As the society becomes more virtual and digital, the world of forms begins to converge. Since all transactions can now be achieved via the smart phone, those transactions, be they shopping for underwear, booking an apartment, finding a date, buying a stock, reading a book or watching a movie have all become essentially the same procedure: Start typing until an algorithm recognizes what you’re after, make your choice from what’s offered, then tap to purchase. Many people’s jobs have become that way as well. Receive an assignment through a team app, make a few decisions in some software and click to deliver your choices, watch while the money appears in your account.
While achieving miracles of efficiency for the commerce model, this is a problematic narrowing of experience. With COVID providing additional pressure toward virtualism, like the soviet machine gunners that prevented the retreat of conscripts in the battles of WWII, virtualism is accelerated under de facto enforcement, and live experience is being waterboarded into acquiescence.
Getting paid for anything is in essence virtualizing the experience; conversion of a real life labor to cash is actually a sublimation into the world of ideas, since money is a mutual fiction; an abstract placeholder of value. But now that the “information superhighway” ( How quaint that sounds now) connects all interactions, value seeks its lowest possible level. Along with shopping for the usual goods, services have fallen under the same “click to compare” interrogation, fine for business, but it now applies as well to every aspect of culture.
Services like Spotify, Amazon Prime, Getty Images, YouTube, Yelp, and countless others create a race to the bottom of value for artists and businesses alike. I was even browsing some 18th century paintings on Ebay, and I should not have been surprised to see, sprinkled in among the offerings at very low prices, new hand-painted (and very good quality, from what I could tell) replicas of 18th century works, painted in oils in old master techniques- from what must be factory operations in China. Two clicks away.
So how then is effort to be valued in a value-dissolving technocracy? The seductive tentacles of virtualization caress the edges of all creative activity, as everything from animation studios, to music production, to design work on Fiverr swoons to the promise of virtual attention- the hope of payment.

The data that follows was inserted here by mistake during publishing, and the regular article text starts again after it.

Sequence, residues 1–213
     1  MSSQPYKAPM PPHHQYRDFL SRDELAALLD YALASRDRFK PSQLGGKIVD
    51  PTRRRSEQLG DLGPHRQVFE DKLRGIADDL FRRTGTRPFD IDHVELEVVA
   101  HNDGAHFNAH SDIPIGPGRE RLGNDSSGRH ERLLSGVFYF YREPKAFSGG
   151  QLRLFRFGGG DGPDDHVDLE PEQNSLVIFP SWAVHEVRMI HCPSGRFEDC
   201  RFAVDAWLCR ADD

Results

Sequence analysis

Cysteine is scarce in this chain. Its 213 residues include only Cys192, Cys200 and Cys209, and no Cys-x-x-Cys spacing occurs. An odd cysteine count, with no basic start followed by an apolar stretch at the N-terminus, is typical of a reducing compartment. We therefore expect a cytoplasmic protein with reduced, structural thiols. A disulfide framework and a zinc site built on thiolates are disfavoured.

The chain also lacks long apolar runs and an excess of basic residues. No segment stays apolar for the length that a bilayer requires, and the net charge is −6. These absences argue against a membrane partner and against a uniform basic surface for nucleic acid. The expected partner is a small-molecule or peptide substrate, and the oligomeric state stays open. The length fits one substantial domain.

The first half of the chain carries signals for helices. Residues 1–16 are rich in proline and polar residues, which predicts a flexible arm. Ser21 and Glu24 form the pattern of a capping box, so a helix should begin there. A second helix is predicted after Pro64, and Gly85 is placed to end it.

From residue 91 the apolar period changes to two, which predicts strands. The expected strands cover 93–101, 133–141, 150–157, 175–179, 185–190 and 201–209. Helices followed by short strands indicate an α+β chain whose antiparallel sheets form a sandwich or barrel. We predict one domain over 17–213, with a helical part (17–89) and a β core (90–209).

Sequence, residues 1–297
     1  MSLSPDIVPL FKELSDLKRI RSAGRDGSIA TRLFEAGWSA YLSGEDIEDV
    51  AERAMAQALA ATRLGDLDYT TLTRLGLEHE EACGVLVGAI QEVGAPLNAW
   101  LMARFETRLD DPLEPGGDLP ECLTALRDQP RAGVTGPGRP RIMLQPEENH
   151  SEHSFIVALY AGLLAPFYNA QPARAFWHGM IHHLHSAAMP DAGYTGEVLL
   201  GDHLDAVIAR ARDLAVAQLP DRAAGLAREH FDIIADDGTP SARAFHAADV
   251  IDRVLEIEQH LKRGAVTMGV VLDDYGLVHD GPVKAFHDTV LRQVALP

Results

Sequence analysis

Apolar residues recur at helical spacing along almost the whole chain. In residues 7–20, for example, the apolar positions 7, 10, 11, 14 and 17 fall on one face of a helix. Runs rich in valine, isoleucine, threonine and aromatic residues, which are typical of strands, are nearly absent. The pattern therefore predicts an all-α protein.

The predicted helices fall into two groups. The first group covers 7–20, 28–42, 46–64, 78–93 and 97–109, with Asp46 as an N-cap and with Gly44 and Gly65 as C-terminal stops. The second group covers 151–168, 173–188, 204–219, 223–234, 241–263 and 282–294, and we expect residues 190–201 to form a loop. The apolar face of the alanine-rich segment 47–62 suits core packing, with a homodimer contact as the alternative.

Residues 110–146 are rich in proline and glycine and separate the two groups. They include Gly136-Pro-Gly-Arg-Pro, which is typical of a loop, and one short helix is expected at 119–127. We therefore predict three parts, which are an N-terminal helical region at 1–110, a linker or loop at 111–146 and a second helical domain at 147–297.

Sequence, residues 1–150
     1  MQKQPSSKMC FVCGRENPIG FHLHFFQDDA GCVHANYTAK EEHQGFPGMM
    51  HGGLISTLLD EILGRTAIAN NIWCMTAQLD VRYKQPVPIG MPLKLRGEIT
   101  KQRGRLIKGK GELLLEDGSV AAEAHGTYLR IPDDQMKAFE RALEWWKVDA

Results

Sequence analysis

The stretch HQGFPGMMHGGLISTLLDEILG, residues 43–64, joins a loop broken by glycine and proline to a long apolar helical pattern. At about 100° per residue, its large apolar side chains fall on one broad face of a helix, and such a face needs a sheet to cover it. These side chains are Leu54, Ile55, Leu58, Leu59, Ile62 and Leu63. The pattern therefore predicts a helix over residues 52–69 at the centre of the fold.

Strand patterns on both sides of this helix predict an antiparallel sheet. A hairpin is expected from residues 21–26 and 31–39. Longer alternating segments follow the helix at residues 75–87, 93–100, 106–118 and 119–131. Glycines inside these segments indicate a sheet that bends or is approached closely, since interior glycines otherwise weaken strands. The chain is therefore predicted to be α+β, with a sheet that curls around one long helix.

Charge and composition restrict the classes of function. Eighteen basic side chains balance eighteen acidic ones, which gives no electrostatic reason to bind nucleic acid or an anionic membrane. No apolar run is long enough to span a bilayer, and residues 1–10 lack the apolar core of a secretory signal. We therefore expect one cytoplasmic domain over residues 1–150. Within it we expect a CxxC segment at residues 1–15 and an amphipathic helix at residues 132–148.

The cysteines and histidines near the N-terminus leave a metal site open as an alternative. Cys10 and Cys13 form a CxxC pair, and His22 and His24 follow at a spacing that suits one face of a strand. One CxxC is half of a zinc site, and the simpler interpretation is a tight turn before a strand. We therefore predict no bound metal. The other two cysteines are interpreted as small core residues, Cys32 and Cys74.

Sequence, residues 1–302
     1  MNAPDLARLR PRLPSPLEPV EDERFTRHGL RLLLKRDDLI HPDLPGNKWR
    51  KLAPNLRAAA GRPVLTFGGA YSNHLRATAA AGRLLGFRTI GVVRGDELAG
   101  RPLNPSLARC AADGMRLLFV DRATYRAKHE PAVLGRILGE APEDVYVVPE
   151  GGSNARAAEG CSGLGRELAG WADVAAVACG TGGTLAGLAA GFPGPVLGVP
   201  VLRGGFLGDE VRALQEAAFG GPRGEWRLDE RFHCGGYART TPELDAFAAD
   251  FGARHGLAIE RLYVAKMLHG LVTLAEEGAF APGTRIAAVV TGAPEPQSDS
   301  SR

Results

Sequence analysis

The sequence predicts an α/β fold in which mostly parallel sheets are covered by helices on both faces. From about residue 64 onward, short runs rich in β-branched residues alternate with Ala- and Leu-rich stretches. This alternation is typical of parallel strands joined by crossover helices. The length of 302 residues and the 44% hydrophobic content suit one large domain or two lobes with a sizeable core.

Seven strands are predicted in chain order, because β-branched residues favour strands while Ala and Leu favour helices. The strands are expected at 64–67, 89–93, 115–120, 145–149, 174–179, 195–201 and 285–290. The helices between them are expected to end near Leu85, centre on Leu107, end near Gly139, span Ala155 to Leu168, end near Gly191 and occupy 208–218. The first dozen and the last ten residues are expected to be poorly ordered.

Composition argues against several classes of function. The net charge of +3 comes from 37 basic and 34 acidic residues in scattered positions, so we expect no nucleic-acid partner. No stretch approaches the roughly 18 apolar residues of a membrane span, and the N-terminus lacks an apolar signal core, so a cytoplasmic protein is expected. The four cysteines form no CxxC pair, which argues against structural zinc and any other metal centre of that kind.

I’m afraid the result of this mutation is a return to a more feudalized culture, in which the handful of biggest players skim value from the oceans of effort produced lower down in the hierarchy. While an artist or musician (Now a “content provider”) appears on the menu, they can expect pennies from Spotify, Amazon, YouTube or Adobe Stock, etc., because like medieval barons, the companies that own the pipelines amass all the value for themselves, and go to great lengths to shift the property and privileges of ownership from artist to pipeline.
After all, the traffic goes to the largest aggregators of content, and they want to keep it that way. Unfortunately, this means that they invariably exercise editorial control to make sure that the content always directs the user back to the pipeline. Economy of scale turns into curation by scale. In this way, the editorial authority of our age has abdicated in favor of the algorithm. Uniqueness has become a liability in the absence of human valuation.
The buzz in the production world around the breakthrough in technique and budget employed by Disney’s The Mandalorian is worth contemplating for those concerned with the future of cinema. The new technique of using a wrap-around LED cyclorama combined with a game engine 3D CG set is a quantum leap into another era of movie production.
I remember when I was in film school in the Cretaceous era, and I experimented with the idea of using two TV cameras connected by a motion rig to allow spontaneous camera movement within a green screen set that would exactly match a move on a miniature background. My father the engineer took it upon himself to design and build this rig, but it arrived too late and slightly too imprecise to be used in the production, which was my Columbia puppet thesis project, Banfus and the Search. Instead, I had live sets and theatrical effects which served the purpose well enough for my student thesis needs. But I always had it in the back of my mind that there could be some way of coupling the moves of an active camera with movement in a virtual set.
Fast forward to now where everyone’s phone is capable of perfectly tracking dog ears and flopping tongues to your head movements in real time, trailing hearts and stars, without the need of an army of rotoscopers. Exponential increases in computational power have now made it possible to do this essential feat of movie magic on the cheap.